Group innovation process applied to the year’s biggest hit


There was no pressure. It was just another day in the recording studio.

That was the key to writing Ed Sheeran’s “Shape of You,” which has been on the Hot 100 since it was released on Jan. 6, and topped Billboard’s year-end singles chart.

It’s a tale of romance sketched in mundane details — “now my bedsheets smell of you” — with four chords delivered in plinking, dancehall-tinged syncopation. The song has drawn more than 2.8 billion views on YouTube and is also the most-played track ever on Spotify, with more than 1.5 billion streams.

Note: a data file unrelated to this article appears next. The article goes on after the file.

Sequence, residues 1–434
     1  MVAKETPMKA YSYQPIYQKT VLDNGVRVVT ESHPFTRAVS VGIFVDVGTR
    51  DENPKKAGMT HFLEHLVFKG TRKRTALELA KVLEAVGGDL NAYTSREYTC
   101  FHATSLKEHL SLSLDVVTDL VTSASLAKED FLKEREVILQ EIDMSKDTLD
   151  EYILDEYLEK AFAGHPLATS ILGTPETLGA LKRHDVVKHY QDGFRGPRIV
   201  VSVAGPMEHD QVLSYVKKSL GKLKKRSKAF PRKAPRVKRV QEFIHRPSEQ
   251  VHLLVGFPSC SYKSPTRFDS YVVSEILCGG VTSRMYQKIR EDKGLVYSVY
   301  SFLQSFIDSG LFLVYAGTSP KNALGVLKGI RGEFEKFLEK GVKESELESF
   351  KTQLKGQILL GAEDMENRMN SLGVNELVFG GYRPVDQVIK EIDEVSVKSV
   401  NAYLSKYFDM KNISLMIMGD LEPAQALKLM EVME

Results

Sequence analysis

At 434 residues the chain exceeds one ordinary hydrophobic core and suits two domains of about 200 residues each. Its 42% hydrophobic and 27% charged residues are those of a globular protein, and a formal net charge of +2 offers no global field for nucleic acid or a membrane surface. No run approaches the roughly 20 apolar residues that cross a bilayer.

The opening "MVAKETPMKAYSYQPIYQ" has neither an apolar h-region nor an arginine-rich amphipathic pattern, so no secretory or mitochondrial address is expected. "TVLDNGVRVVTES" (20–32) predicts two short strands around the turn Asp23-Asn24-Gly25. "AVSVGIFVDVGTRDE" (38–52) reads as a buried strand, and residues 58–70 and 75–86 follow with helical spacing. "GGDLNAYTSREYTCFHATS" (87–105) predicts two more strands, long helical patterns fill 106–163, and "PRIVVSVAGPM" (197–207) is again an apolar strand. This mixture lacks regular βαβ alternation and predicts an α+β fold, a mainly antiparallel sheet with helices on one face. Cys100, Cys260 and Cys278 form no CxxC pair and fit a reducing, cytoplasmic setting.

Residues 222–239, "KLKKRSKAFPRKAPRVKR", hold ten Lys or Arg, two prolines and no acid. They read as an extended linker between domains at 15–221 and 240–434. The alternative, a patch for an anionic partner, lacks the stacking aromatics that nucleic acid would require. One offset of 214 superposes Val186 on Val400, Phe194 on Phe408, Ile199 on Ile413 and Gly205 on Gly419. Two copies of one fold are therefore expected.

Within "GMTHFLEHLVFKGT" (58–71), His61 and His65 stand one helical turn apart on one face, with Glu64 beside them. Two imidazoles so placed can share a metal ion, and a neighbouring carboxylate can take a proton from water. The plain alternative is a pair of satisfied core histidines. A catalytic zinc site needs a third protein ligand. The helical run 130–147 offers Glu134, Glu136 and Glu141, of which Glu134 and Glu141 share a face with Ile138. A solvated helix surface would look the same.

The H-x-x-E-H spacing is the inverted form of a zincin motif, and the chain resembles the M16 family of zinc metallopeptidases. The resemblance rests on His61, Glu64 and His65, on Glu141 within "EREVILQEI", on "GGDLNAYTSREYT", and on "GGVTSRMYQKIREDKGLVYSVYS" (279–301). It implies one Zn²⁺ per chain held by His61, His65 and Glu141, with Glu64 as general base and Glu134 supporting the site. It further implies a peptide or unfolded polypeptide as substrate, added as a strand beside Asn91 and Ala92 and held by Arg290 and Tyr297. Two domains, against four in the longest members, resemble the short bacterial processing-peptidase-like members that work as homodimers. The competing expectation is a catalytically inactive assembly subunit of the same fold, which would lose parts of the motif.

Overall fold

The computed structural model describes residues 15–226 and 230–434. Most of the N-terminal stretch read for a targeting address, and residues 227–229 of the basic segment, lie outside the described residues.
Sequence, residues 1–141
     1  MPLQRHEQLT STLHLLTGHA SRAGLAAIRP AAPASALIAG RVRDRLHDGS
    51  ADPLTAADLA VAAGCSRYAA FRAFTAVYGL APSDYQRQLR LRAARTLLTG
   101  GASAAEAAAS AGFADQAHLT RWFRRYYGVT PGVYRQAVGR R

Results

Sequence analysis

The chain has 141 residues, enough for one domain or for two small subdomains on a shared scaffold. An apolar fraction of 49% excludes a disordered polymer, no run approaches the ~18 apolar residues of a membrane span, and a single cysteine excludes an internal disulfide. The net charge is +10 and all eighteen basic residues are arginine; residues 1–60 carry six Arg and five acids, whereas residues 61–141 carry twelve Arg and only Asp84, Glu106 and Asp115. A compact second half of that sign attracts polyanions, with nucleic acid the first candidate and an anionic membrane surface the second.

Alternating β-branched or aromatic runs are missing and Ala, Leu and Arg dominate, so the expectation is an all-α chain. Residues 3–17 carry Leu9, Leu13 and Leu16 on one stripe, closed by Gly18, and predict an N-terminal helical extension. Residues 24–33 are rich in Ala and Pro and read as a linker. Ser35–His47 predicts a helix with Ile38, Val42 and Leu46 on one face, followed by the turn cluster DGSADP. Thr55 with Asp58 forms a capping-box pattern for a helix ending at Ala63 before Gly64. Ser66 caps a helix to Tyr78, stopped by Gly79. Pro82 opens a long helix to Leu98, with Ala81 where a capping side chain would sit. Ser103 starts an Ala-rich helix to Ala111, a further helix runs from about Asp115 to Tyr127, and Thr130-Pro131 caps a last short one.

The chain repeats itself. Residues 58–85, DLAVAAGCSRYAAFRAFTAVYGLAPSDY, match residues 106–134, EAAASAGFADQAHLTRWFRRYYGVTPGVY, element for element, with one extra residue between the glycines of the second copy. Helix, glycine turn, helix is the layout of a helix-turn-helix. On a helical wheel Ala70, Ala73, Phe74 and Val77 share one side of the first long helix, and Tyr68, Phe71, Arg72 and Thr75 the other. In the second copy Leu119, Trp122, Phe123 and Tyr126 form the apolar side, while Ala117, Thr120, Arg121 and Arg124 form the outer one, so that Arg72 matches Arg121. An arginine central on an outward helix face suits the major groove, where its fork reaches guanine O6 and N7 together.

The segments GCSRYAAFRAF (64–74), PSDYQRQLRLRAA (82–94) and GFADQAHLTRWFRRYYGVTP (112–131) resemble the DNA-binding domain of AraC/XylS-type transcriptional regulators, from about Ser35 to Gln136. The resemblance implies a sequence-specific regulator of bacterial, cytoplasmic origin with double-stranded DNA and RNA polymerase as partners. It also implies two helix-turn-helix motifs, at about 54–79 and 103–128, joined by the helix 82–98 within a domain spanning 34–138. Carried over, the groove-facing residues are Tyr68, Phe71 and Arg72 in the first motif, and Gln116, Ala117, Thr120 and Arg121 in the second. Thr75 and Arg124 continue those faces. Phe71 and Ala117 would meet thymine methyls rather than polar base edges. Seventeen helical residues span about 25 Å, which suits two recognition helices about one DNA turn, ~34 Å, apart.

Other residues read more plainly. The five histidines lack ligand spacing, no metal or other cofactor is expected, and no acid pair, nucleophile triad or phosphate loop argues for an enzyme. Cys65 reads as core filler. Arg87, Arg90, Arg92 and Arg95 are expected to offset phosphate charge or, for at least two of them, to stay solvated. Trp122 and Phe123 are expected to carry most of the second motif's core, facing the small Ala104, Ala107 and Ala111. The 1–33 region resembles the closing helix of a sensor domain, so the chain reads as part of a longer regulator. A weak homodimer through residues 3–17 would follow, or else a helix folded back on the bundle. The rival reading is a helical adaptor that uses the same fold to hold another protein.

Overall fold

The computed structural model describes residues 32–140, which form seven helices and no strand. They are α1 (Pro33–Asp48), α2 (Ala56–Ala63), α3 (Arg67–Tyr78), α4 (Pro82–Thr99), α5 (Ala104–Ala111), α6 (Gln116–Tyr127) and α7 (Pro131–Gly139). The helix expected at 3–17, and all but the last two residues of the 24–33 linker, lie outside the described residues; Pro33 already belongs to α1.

Like many current pop hits, “Shape of You” was written in a brainstorming session where ideas are developed or discarded fast, with computers and instruments close at hand and recorders running. “The best songs that I’ve ever written, I don’t really remember writing,” Mr. Sheeran said. “They take like 20 minutes and then they’re just done. And then you move on to the next thing.”

Watch more at:

https://www.nytimes.com/interactive/2017/12/20/arts/music/ed-sheeran-shape-of-you.html

 

 

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